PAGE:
- $1 trillion is almost enough to buy a controlling interest in all 30 of the companies in the Dow Jones Industrial Average.
- $1 trillion is more than the annual state tax revenue of all 50 states combined.
- $1 trillion would be enough to buy all of the single-family and multi-family residences in the state of Texas.
- $1 trillion would cover the entire U.S. federal budget, adjusted for inflation, from George Washington’s inauguration to the end of World War I.
- A stack of 200 $100 bills is roughly an inch thick. If these stacks were set up on end like dominoes, $1 trillion would be the distance from New York City to Chicago.
- And if today you started spending $1 million a day, it would take you more than 2,700 years to spend $1 trillion. That’s right, nearly three millennia.
The administration will be spending faster than that, so let’s hope this very big number is enough to point the economy in the right direction.
Another way to grasp the size of a $1 trillion stimulus is to compare it to other projects funded by the government. The team over at Mint.com has put together an eye-catching string of posters comparing the size of the current stimulus to other major government spending efforts.
All opinions expressed and data provided are subject to change without notice. Some of these opinions may not be appropriate to every investor.
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- September 30, 2011
- Chart of the Week - Managing Emotions in Today's Marketplace
The markets are certainly volatile these days: one week it’s an impending Greek default, followed by a European downgrade coupled with a financial banking crisis, but it’s not all doom and gloom.
The market’s many moods are difficult for any seasoned investor to manage, but we believe there are always opportunities in global markets, and while the U.S. still needs to resolve its fiscal and monetary policies, it appears there’s a sign of hope on the horizon.
One positive point is the Conference Board Index of Leading Economic Indicators, which is also known as LEI. Historically, the LEI has proven to be a reliant indicator of recessions and recoveries. The index deteriorated ahead of the 2001 global recession, and again in early 2007 and 2008 before the global financial crisis and associated recession began.
As show below, on a year-over-year basis, the LEI has remained high, indicating strong to moderate growth over the next six months.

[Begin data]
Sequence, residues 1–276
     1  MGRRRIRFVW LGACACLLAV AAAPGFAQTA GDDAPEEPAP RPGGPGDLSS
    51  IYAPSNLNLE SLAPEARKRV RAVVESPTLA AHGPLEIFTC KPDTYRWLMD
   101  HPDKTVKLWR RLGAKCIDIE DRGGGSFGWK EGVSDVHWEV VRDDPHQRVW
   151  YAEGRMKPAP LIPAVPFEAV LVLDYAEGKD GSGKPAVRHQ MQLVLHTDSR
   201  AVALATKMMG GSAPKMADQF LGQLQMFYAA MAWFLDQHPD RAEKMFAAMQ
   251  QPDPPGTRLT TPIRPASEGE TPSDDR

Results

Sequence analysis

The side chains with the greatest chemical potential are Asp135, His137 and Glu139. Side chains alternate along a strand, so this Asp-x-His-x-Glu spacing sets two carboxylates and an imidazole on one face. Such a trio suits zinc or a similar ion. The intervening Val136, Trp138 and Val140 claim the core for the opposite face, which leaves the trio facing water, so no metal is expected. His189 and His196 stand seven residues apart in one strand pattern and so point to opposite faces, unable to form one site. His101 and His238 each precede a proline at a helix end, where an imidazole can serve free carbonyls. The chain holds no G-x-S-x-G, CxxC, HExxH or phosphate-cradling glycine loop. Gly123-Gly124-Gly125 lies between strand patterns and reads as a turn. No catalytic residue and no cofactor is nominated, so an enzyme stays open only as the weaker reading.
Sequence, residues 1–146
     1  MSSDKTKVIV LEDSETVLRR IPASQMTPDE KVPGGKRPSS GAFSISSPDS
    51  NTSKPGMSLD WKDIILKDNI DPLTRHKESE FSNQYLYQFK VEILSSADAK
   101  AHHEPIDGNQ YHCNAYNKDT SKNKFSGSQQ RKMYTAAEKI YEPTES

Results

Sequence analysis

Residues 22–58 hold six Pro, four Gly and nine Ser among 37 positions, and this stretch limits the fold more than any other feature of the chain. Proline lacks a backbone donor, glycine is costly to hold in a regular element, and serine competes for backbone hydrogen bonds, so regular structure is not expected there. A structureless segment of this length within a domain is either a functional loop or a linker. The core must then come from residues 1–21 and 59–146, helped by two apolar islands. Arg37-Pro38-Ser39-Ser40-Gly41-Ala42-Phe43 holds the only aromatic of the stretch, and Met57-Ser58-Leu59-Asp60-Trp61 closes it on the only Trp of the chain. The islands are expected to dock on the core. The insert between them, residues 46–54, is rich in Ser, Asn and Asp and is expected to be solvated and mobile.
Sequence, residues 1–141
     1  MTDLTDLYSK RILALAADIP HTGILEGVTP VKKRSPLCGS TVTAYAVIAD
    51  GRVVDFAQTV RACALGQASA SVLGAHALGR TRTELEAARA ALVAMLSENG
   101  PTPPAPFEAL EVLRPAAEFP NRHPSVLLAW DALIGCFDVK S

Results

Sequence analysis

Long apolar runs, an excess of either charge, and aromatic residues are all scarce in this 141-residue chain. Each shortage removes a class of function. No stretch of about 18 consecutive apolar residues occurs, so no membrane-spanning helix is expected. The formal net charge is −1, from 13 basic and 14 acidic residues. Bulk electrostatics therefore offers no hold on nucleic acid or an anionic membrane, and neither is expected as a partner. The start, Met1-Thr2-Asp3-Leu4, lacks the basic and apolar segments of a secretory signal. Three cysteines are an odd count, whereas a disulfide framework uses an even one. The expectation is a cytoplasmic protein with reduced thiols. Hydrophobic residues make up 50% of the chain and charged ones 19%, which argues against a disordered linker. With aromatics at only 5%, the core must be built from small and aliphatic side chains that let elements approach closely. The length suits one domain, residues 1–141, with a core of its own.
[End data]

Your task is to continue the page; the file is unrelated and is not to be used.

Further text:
One of ten indexes used by the LEI to make its predictions is the University of Michigan Consumer Sentiment index. The monthly publication gauges consumer confidence to help determine the potential impact on stocks, bonds and the dollar. If the most recent report is an indicator of things to come, then the engine of the American economy&mdashconsumer spending—may be preparing to shift gears.
The survey indicated that “confidence among U.S. consumers rose in September from the lowest level since 2008,” says Bloomberg. While consumer spending still appears sluggish, consumers are beginning to have a more favorable view of the economy, injecting hope that Americans will once again open up their purses and wallets and help drive the economy forward.
Another factor confirming the strength of the LEI is the strong performance of companies on the S&P Composite 1500 Index. Currently, there are 705 companies with year-over-year revenues of 10 percent or more, which is impressive in this volatile market. During the bottom of the cycle in 2009, only 179 companies grew that fast.
The LEI indicates the U.S. economy will continue to produce dynamic growth companies, which are essential to economic growth and job creation. While the current market volatility has been difficult to maneuver, the future economic situation appears to be much better than what most commentators have been saying.
Despite the negative sentiment out there, investors should remember there will always be highs and lows, peaks and troughs: the importance is remembering to be humble when you're at the peak and hopeful when you’re in the trough.
All opinions expressed and data provided are subject to change without notice. Some of these opinions may not be appropriate to every investor.
The University of Michigan Consumer Sentiment Index is a survey of consumer confidence conducted by the University of Michigan. The report, released on the tenth of each month, gives a snapshot of whether or not consumers are willing to spend money. The Conference Board index of leading economic indicators is an index published monthly by the Conference Board used to predict the direction of the economy's movements in the months to come. The index is made up of 10 economic components, whose changes tend to precede changes in the overall economy. The S&P 1500 Composite is a broad-based capitalization-weighted index of 1500 U.S. companies and is comprised of the S&P 400, S&P 500, and the S&P 600. The index was developed with a base value of 100 as of December 30, 1994.